by Al Williams
South Canterbury could soon be home to a sanctuary for birds of prey.
A group of residents has formed a trust that aims to provide housing and care for sick, injured and orphaned raptors.
And the ultimate goal is captive breeding.
The New Zealand Raptor Trust was formed last year by a group of people concerned about the wellbeing of harriers, falcons, moreporks and owls.
Trust chairman Vaughan Skea of birds of prey in South Canterbury, as all species, particularly harriers, were vulnerable to habitat destruction.
Mr Skea and trust members photographer Ron Lindsay, veterinarian Marnie Crilly, veterinarian manager Jamie Crilly, schoolteacher Cam Gibb and dairy farmer Richard Paver
are working with the Conservation in an effort to rescue and rehabilitate more birds.
“It’s work in progress. Hopefully, we will be fully active by the end of 2017,” Mr Skea said.
“There is a need for it in our area and it’s something I’ve been interested in for a long time. I trained in falconry and worked with birds of prey in Africa.”
Mr Skea said there was red tape to deal with.
“It’s illegal to handle any New Zealand raptors without a permit . we have applied to Doc and received a permit to look after and rehabilitate birds of prey.”
The trust was looking to build a facility to house birds and was exploring funding options, he said.
“We can only receive a permit to house more birds when we have a facility.
“Over the school holidays I had five occasions where I got called out for harriers being in distress at their nesting sites.”
Mr Skea was caring for Tenzi, a female harrier chick rescued from a field south of Timaru in January.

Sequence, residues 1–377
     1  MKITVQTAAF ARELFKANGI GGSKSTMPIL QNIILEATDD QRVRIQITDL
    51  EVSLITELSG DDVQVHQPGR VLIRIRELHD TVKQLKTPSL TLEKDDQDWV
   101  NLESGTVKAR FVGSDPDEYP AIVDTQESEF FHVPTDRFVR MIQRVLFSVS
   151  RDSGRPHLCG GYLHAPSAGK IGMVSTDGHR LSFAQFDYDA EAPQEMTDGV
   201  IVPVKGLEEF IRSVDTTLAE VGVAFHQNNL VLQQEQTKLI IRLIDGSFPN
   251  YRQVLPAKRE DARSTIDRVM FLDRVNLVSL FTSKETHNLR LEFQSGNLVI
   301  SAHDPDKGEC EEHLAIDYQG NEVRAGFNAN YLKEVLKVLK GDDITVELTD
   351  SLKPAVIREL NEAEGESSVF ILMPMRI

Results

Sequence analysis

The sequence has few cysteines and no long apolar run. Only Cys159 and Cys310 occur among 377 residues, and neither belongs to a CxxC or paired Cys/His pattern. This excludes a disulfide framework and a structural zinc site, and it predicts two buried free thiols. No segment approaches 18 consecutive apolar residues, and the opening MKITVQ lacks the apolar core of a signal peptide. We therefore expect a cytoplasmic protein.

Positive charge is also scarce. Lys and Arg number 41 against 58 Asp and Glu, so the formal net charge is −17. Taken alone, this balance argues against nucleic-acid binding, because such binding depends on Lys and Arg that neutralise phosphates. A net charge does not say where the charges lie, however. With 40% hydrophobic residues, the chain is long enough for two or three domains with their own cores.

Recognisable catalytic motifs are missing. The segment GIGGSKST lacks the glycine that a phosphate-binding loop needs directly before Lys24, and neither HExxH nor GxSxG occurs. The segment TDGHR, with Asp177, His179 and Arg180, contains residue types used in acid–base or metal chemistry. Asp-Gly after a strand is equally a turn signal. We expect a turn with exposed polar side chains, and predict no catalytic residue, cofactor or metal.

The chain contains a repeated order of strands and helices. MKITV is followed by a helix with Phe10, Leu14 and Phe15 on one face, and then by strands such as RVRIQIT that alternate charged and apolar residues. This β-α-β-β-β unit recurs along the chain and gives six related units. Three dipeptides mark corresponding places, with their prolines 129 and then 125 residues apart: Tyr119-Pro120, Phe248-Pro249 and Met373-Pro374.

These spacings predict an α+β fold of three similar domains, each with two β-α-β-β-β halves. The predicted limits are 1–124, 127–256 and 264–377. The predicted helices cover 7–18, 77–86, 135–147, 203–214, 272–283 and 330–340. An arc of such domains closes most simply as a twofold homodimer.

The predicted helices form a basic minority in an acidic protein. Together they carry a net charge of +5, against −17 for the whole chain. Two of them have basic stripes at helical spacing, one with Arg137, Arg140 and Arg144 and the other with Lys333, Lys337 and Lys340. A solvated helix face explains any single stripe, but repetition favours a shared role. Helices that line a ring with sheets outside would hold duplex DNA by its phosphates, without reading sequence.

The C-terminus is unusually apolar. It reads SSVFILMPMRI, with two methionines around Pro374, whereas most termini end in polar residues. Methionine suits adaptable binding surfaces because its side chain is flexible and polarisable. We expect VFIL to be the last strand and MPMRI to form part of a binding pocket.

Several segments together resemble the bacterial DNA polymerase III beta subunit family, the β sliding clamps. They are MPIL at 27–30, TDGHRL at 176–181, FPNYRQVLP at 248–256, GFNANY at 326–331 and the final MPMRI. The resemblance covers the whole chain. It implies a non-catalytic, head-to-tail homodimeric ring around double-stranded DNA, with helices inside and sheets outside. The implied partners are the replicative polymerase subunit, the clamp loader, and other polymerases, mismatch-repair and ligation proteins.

“A nest went through a mower and she suffered a swollen toe.
“The mother was distressed and squawking. The nest was destroyed, leaving the chick vulnerable and open to attack.
“You assume its mother will abandon it. The best option is to employ falconry techniques and take it out in the field.”
Mr Skea said he anticipated Tenzi would be ready to fly in the coming fortnight.
Doc district office supervisor Chris Coulter department had been working alongside Mr Skea and the trust.
“The Doc Geraldine district office has been involved with Vaughan since 2014 in his pursuit to achieve a wildlife authority to hold and recuperate raptors.
Vaughan had a real passion for falconry and raptors. We assisted Vaughan back in June 2016 when he started to apply for his wildlife authority by providing support, information and detail of the type of facility he would need to build to meet our requirements.”
Ms Coulter said a facility would give South Canterbury “a wonderful resource then for caring for any injured harrier, falcon or owl”.
“Just having Vaughan being an approved authority to care for harriers has made a huge difference to our bird rescue response capabilities.”
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